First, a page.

Pretoria artists Sanna Swart (sculptor) and Lynette ten Krooden (painter) combined their different ways of looking at and interpreting the environment, the cosmos and the universe for an exhibiton titled A Delicate Balance at the Association of Arts Pretoria running until November 1.
DIANE DE BEER spoke to both artists about this collaboration:
A collaboration between sculptor Sanna Swart and painter Lynette ten Krooden was inevitable.
They live and work in close proximity, deal in and explore the same issues yet work in different media. If you are superstitious or believe in synchronicity, you might think that this collaboration began because the Association if Arts Pretoria celebrates a 70th birthday while Ten Krooden has practised her art for 40 years and Swart has been sculpting for 30! Together their years of making art is on par with that of the Association.
But there’s more to their working together than that even though it is a fun fact to chew on.
Swart wanted to exhibit and with the two artists living and working like neighbours, their minds attuned, she invited an artist she has always looked up to, to collaborate.
“I wouldn’t have had the confidence to do it 10 years ago,” she admits, but these two artists are both in a place with their work which made this such a clever coming together.
They also knew they wanted to exhibit at the Association because of the gallery space. “It’s a space that was constructed specially to show art,” says Swart and there aren’t too many of those around.
When you walk into this exhibition which counter-balances the paintings of the one with the sculptures of the other, it makes complete sense. There’s a synergy that showcases the delicate balance and allows the work to breathe. There’s both a simplicity and a solemnity in the space which benefits the art.
As artists they are also both aware of the beauty of “the place we call home” and of the fragility and delicate balance between human beings and nature. And that is where their art is focused.
Swart has reclaimed forged stainless steel which she used to work with in her earlier days while Ten Krooden has for many years experimented with gold and silver leaf in her oil based paintings. She also experimented with natural oxidation on mild steel, which brought an even stronger symbiosis between the paintings and sculptures into play. The way the work has been displayed, the subjects each artist has selected, perfectly complement each other.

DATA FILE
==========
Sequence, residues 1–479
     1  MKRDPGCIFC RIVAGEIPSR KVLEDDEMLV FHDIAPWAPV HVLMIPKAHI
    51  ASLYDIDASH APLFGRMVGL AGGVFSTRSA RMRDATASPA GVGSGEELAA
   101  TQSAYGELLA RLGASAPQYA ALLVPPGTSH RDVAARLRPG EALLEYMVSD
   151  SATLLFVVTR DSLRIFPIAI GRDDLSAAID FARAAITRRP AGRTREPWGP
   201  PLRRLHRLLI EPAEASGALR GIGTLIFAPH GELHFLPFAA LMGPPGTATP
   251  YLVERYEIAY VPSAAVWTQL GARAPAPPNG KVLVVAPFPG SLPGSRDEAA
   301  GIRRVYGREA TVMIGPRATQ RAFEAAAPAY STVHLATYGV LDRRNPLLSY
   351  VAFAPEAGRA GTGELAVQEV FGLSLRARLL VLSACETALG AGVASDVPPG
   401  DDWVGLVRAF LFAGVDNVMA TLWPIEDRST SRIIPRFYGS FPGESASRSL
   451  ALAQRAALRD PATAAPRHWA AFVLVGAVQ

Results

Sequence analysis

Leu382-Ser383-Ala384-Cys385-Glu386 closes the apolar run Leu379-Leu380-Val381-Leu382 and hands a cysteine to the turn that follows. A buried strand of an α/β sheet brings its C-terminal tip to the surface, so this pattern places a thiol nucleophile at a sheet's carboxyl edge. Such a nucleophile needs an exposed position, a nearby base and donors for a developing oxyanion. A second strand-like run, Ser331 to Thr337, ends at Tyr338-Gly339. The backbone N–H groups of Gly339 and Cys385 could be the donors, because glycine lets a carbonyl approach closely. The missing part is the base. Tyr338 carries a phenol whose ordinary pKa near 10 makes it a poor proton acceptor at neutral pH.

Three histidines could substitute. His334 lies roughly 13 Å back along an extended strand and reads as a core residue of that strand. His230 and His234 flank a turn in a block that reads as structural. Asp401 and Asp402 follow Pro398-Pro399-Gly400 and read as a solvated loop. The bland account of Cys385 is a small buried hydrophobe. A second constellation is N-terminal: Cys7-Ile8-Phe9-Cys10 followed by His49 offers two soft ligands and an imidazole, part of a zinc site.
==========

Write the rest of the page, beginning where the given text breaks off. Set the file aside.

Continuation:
And it wasn’t as if they worked together in that sense. With an interest in the environment and the way each of us leave a mark whether we choose to or not, they talked about their intent with this exhibition and then worked on their different pieces.
“I was amazed how some of my work reflected some of the things Lynette was working on,” explains Swart as she talks about the way they think about the planet, the environment and how it affects each one of us.
For her specifically returning to stainless steel has been a freeing experience because of the process. “I was working with flat pieces of metal which I could shape and manipulate any way I wanted,” she says.
Ten Krooden on the other hand was amazed how her working process was given wings as her horisons expanded by this collaboration.
It is a confidence in their combined work that permeates this exhibition. And even though, each piece stands on its own, it is as if working together on an exhibition allowed them to breathe slightly more easily which reflects in the work.
Some of Ten Krooden’s work encouraged Swart to give a three-dimensional vision to an idea that she picked up in a particular painting, she notes and between them, there was an energy that was greater than its individual force.
They both view themselves as “outsider” artists, not quite part of the establishment, but this coming together obviously had an effect on their work which is perhaps not what they expected to happen. It’s quite explosive.
They describe themselves as contemporary artists, working with the world as we view it today and hopefully making an impact.